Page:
Medieval England More Prosperous Than Today’s Poorest Nations

When you consider the vast technological, social, cultural, and economic changes that have occurred over the past 650 years or so, this is pretty astounding:

In a paper entitled British Economic Growth 1270-1870 published by the University of Warwick’s Centre on Competitive Advantage in the Global Economy (CAGE) the researchers find that living standards in medieval England were far above the “bare bones subsistence” experience of people in many of today’s poor countries.

The figure of $400 annually (as expressed in 1990 international dollars) is commonly is used as a measure of “bare bones subsistence” and was previously believed to be the average income in England in the middle ages.

However the University of Warwick led researchers found that English per capita incomes in the late Middle Ages were actually of the order of $1,000 (again as expressed in 1990 dollars). Even on the eve of the Black Death, which first struck in 1348/49, the researchers found per capita incomes in England of more than $800 using the same 1990 dollar measure. Their estimates for other European countries also suggest late medieval living standards well above $400.

Now, let’s look at comparable  per capita income figures for a few modern nations:

  • Zaire $249
  • Burundi $479
  • Niger $514
  • Central African Republic $536
  • Comoro Islands $549
  • Togo $606
  • Guinea Bissau $617
  • Guinea $628
  • Sierra Leone $686
  • Haiti at $686
  • Chad $706
  • Zimbabwe $779
  • Afghanistan $869

And I think it’s fair to say that many people in these nations don’t have a quality of life that’s all that different from the people of 1300’s England. I’m not sure whether these figures say more about the unexpected prosperity of an era we typically think of being nasty and brutish, or about the nation’s that don’t compare favorable to a society that existed six centuries ago.

H/T: Andrew Sullivan

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Doug Mataconis
About Doug Mataconis
Doug holds a B.A. in Political Science from Rutgers University and J.D. from George Mason University School of Law. He joined the staff of OTB in May 2010. Before joining OTB, he wrote at Below The BeltwayThe Liberty Papers, and United Liberty Follow Doug on Twitter | Facebook

Comments

  1. Dave Schuler says:

    The more interesting part of that same article is that the findings cast some doubt over a prevailing narrative about national wealth and modernity. England’s wealth didn’t suddenly start in the 18th century with the Industrial Revolution. Rather England’s Industrial Revolution was a product of its wealth which was evident half a millennium before.

  2. john personna says:

    I think it would be unsurprising to anyone who had read Guns, Germs, and Steel.

    The humans in the fertile band from Europe through Asia enjoyed many benefits. Lots of useful crops, no tsetse file

  3. john personna says:

    (We could probably add Mayans and Egyptian pyramid builders to “better than the worst-off today.”)

  4. michael reynolds says:

    I object on the grounds that this study contradicts Monty Python’s entire body of work on the middle ages.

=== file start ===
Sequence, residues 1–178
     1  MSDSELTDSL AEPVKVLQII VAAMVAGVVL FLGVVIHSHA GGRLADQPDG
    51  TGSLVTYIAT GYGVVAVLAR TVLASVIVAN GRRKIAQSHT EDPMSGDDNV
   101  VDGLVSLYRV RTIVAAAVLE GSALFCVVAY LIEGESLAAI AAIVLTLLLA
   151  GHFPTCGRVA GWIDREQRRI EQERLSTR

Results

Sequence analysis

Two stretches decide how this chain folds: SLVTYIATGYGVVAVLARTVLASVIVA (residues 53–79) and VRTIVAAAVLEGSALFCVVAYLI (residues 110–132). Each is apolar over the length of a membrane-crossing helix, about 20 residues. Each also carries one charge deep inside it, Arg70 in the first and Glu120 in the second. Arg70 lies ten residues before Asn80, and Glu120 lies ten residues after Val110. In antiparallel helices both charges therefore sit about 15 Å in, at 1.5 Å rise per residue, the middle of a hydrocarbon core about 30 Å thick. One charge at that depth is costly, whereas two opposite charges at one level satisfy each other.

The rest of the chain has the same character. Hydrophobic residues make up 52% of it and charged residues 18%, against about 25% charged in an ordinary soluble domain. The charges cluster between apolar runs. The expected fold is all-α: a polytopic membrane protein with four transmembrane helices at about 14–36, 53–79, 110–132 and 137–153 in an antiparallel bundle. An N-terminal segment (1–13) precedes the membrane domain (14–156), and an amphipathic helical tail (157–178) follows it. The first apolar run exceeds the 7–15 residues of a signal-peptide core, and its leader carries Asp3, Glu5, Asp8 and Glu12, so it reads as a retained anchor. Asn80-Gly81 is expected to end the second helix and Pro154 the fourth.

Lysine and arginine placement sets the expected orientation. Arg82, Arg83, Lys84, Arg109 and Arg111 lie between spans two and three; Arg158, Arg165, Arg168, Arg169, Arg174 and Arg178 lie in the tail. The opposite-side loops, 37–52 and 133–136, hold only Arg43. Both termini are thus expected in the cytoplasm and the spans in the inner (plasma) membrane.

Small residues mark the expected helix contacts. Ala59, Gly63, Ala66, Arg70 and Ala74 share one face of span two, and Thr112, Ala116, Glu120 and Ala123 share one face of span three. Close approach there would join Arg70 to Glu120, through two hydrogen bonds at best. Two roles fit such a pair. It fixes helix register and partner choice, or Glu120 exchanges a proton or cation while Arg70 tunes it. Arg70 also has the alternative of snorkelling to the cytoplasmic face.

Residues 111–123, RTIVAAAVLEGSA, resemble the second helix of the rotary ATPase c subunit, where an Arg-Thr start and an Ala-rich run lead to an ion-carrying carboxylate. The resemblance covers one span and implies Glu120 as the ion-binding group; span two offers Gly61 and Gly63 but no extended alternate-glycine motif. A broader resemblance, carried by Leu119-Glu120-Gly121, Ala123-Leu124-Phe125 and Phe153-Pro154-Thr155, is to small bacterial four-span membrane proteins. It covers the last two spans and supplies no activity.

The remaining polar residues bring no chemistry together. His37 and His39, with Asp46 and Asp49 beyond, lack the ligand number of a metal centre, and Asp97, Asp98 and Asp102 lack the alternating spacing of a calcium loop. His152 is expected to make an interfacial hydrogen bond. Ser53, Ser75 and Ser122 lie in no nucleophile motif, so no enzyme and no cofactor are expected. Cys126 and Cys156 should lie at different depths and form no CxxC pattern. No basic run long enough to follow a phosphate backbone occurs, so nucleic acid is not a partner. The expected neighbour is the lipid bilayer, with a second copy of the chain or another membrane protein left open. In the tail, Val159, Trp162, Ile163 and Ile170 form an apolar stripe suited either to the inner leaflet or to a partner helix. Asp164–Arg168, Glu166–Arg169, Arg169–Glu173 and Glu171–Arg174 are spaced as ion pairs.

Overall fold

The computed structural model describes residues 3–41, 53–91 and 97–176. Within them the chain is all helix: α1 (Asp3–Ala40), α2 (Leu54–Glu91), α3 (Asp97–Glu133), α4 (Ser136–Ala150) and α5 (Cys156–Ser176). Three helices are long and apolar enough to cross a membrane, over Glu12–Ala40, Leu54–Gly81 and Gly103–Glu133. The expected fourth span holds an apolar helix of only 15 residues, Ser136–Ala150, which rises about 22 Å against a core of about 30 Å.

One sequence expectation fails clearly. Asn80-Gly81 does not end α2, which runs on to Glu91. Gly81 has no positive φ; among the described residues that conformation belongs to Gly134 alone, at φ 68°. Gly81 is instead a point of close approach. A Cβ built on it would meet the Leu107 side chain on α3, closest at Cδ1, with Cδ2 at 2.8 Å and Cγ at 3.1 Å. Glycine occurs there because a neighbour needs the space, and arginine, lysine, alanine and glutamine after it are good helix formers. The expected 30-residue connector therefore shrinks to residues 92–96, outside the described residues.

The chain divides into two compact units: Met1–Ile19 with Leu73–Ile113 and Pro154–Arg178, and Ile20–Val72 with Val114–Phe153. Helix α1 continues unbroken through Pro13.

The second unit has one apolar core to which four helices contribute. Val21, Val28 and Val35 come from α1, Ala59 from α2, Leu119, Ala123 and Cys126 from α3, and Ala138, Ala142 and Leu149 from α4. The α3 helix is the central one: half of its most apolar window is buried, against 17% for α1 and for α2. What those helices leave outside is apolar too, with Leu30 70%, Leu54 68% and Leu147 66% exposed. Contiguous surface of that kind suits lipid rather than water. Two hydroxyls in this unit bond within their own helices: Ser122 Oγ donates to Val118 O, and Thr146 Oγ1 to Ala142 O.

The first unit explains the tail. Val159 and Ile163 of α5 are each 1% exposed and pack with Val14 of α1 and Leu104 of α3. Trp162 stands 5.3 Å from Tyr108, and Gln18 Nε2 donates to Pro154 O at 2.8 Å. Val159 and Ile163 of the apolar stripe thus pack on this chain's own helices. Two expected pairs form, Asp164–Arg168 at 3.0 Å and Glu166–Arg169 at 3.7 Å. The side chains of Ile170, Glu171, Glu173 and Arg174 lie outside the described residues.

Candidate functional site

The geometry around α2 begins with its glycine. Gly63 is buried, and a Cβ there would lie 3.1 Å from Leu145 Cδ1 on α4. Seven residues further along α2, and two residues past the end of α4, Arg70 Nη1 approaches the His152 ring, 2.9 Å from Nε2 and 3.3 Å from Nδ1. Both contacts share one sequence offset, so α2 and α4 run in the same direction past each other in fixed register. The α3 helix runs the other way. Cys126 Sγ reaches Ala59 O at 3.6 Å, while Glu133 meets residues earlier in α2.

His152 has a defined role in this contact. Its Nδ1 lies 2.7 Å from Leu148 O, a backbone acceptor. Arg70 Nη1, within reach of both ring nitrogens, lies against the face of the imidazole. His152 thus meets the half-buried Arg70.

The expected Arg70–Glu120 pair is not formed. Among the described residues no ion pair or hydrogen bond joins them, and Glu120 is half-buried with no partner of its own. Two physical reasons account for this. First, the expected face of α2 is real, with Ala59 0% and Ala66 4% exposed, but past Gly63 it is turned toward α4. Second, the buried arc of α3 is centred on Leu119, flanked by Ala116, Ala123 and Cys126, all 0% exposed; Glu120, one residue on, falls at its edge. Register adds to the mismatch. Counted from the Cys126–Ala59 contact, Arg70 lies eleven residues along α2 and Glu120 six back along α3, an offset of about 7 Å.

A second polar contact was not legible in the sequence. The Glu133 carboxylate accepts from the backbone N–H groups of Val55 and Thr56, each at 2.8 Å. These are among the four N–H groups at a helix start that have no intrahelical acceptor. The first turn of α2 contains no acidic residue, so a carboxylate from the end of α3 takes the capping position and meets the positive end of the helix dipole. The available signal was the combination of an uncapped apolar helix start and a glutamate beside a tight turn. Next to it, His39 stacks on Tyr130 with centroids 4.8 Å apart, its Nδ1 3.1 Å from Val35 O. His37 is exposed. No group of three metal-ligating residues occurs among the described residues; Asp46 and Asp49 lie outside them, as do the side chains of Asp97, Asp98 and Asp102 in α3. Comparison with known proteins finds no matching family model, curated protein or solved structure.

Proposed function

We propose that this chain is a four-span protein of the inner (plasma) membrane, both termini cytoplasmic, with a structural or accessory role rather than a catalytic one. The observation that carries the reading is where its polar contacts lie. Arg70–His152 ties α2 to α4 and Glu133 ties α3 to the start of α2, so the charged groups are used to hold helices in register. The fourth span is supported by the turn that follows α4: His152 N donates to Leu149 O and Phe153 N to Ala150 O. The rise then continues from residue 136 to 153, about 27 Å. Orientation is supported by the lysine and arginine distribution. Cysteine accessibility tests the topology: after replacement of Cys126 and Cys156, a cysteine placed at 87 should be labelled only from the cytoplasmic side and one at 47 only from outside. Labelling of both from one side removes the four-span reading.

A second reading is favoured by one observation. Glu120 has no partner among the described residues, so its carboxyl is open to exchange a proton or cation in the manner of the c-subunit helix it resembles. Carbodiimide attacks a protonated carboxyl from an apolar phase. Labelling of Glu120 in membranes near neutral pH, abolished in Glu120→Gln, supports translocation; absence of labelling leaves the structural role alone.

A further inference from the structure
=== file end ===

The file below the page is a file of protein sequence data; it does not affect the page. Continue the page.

http://www.youtube.com/watch?v=5Xd_zkMEgkI

  5. Brett says:

    England’s wealth didn’t suddenly start in the 18th century with the Industrial Revolution. Rather England’s Industrial Revolution was a product of its wealth which was evident half a millennium before.

    That’s been known for a while, although this just shows how far back it goes. Even before the Industrial Revolution, per capita income in 17th and 18th century England (and particularly London) was pretty high for that time period. Same goes for the Netherlands.

  6. sam says:

    The effect of climate on this should be noted:

    10th – 14th century: The Medieval Warm Period (MWP) or Medieval Climate Optimum

    During the High Middle Ages in Europe experienced a climate slightly warmer than in the period preceding and the period following it. The summer temperatures were between 1 and 1.4 degrees higher than the average temperature of the 20th century. The winters were even warmer with an average temperature in England of 6 degrees, which is slightly warmer than for most of the 20th century. The warmer conditions were caused by the fact that the air circulation above the Atlantic changed position, as did the warm sea currents, transporting warmer water to the arctic.

    In Europe the warm conditions had positive effects. Summer after summer the harvests were good and the population increased rapidly. As a result thousands of hectares were cleared of woodland and farmers expanded their fields high into the hills and on mountain slopes. It was even possible to grow successfully grapes as far north as Yorkshire.

    Under these conditions, art, literature and even science were developing apace and we see the height of medieval civilisation. The most visible achievements of this period are undoubtedly the construction of the many cathedrals all over Europe. The good harvests had made Europe rich and the good weather freed people from the burden of the struggle against the elements. It created the wealth and labour force to build cathedrals. It was a golden period for European Architecture and art.

    Environmental History Resources: Middle Ages, 500 – 1500 CE